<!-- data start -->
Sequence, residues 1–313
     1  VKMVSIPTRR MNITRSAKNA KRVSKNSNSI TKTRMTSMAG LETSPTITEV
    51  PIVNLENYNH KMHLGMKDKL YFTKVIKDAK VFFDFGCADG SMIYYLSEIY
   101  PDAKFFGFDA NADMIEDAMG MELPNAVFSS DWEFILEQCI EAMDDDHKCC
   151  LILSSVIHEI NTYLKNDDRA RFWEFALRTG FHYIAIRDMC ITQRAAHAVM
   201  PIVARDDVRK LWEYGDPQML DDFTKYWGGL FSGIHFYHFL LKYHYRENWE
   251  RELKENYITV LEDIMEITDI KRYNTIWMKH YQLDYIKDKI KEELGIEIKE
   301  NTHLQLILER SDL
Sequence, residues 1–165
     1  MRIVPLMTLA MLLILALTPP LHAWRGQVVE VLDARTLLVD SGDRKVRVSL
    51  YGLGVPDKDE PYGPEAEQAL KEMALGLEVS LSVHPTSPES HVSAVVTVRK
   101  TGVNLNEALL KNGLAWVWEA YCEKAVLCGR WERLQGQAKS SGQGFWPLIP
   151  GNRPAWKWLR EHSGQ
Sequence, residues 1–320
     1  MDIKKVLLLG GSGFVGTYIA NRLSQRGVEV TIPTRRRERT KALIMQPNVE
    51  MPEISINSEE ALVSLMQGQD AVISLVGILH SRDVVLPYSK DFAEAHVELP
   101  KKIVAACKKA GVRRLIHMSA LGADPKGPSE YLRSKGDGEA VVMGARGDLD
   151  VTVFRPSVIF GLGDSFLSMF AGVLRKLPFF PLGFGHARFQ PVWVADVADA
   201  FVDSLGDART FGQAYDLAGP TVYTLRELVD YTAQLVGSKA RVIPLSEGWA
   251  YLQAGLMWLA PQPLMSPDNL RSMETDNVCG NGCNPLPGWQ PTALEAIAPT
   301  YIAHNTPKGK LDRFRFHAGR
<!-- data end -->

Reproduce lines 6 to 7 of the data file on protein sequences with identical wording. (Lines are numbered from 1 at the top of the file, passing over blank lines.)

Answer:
   201  PIVARDDVRK LWEYGDPQML DDFTKYWGGL FSGIHFYHFL LKYHYRENWE
   251  RELKENYITV LEDIMEITDI KRYNTIWMKH YQLDYIKDKI KEELGIEIKE